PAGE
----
Google Spent Years Studying Effective Teams. This Single Quality Contributed Most to Their Success
What matters isn’t so much who’s on your team, but rather how the team works together.
PHOTO CREDIT: Getty Images
The best companies are made up of great teams. You see, even a company full of A-players won't succeed if those individuals don't have the ability to work well together.
That's why not too long ago, Google set out on a quest to figure out what makes a team successful. They code-named the study "Project Aristotle," a tribute to the philosopher's famous quote, "the whole is greater than the sum of its parts."
To define "effectiveness," the team decided on assessment criteria that measured both qualitative and quantitative data. To do this, they analyzed dozens of teams and interviewed hundreds of executives, team leads and team members.
The researchers then evaluated team effectiveness in four different ways:
1. Executive evaluation of the team
2. Team leader evaluation of the team
3. Team member evaluation of the team
4. Sales performance against quarterly quota
So, what did they find?
Google published some of its findings here, along with the following insightful statement:
The researchers found that what really mattered was less about who is on the team, and more about how the team worked together.
What Mattered Most
So what was the most important factor contributing to a team's effectiveness?
It was psychological safety.
Simply put, psychological safety refers to an individual's perception of taking a risk, and the response his or her teammates will have to taking that risk.
Google describes it this way:
"In a team with high psychological safety, teammates feel safe to take risks around their team members. They feel confident that no one on the team will embarrass or punish anyone else for admitting a mistake, asking a question, or offering a new idea."
In other words, great teams thrive on trust.
This may appear to be a simple concept, but building trust between team members is no easy task. For example, a team of just five persons brings along varying viewpoints, working styles and ideas about how to get a job done.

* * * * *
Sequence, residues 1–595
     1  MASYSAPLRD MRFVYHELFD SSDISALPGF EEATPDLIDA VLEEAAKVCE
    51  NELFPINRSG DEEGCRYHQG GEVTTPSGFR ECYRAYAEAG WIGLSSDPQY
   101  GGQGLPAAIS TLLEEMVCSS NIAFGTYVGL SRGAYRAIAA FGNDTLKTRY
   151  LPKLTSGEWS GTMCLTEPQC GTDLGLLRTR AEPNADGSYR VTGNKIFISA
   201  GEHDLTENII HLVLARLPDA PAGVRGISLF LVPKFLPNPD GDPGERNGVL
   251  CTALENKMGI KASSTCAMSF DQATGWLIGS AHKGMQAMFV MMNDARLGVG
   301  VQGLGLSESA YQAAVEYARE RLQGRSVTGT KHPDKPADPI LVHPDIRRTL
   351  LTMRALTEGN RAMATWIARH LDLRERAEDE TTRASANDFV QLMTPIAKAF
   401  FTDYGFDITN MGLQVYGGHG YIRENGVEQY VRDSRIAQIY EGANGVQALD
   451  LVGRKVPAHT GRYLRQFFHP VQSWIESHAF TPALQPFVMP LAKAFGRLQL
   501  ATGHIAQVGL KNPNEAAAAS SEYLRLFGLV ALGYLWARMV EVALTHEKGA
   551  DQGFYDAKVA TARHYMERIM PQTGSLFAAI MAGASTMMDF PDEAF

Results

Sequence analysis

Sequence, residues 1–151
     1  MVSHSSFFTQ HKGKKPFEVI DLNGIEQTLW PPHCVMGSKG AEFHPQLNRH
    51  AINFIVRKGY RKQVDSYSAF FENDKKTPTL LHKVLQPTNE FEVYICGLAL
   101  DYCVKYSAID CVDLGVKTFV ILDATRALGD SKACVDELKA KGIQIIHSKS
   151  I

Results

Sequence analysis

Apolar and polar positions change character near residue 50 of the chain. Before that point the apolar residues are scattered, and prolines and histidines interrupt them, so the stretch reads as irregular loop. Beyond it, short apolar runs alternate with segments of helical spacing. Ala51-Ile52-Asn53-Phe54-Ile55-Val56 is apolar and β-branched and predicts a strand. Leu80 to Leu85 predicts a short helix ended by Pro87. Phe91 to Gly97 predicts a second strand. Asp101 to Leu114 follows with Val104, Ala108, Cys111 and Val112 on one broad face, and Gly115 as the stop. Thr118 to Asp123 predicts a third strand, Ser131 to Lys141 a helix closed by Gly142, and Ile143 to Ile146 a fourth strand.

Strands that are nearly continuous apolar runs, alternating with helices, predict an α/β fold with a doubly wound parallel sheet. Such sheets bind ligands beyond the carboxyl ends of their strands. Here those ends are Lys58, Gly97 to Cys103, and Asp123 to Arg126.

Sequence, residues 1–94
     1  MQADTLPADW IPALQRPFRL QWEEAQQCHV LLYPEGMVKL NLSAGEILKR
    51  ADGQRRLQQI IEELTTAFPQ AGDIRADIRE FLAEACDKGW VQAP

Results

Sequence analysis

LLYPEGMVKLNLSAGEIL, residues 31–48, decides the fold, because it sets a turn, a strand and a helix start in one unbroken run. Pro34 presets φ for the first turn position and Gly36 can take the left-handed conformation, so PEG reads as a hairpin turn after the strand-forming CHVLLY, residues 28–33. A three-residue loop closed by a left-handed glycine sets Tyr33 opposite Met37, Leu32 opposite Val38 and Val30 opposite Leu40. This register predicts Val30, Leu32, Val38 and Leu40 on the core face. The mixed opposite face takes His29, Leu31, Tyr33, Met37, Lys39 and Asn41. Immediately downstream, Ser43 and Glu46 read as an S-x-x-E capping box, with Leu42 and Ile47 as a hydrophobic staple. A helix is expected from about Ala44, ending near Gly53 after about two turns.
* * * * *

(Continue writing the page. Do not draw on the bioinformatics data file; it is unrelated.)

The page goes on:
In my forthcoming book, EQ, Applied: The Real-World Guide to Emotional Intelligence, I analyze fascinating research and real stories of some of the most successful teams in the world.
Here's a glimpse at some of the actions that can help you build trust on your teams:
Authenticity creates trust. We're drawn to those who "keep it real," who realize that they aren't perfect, but are willing to show those imperfections because they know everyone else has them, too.
Authenticity doesn't mean sharing everything about yourself, to everyone, all of the time. It does mean saying what you mean, meaning what you say, and sticking to your values and principles above all else.
Set the example.
Words can only build trust if they are backed up by actions.
That's why it's so important to practice what you preach and set the example: you can preach respect and integrity all you want; it won't mean a thing when you curse out a member of your team.
One of the quickest ways to gain someone's trust is to help them.
Think about your favorite boss. Where they graduated from, what kind of degree they have, even their previous accomplishments--none of this is relevant to your relationship. But how about the time they were willing to take out of their busy schedule to listen, help out, or get down in the trenches and work alongside you?
Trust is about the long game. Help wherever and whenever you can.
Disagree and commit.
As Amazon CEO Jeff Bezos explains, to "disagree and commit" doesn't mean 'thinking your team is wrong and missing the point,' which will prevent you from offering true support. Rather, it's a genuine, sincere commitment to go the team's way, even if you disagree.
Of course, before you reach that stage, you should be able to explain your position, and the team should reasonably weigh your concerns.
But if you decide to disagree and commit, you're all in. No sabotaging the project--directly or indirectly. By trusting your team's gut, your people gain confidence, and you give them room to experiment and grow.
Being humble doesn't mean that you lack self-confidence, or that you never stand up for your own opinions or principles. It does mean recognizing that you don't know everything--and that you're willing to learn from others.
It also means being willing to say those two most difficult words when needed: I'm sorry.
There's nothing worse than the feeling that leaders don't care about keeping you in the loop, or even worse, that they're keeping secrets.
Make sure your vision, intentions, and methods are clear to everyone on your team--and that they have access to the information they need to do their best work.
Commend sincerely and specifically.
When you commend and praise others, you satisfy a basic human need. As your colleagues notice that you appreciate their efforts, they're naturally motivated to do more. The more specific, the better: Tell them what you appreciate, and why.
And remember, everyone deserves commendation for something. By learning to identify, recognize, and praise those talents, you bring out the best in them.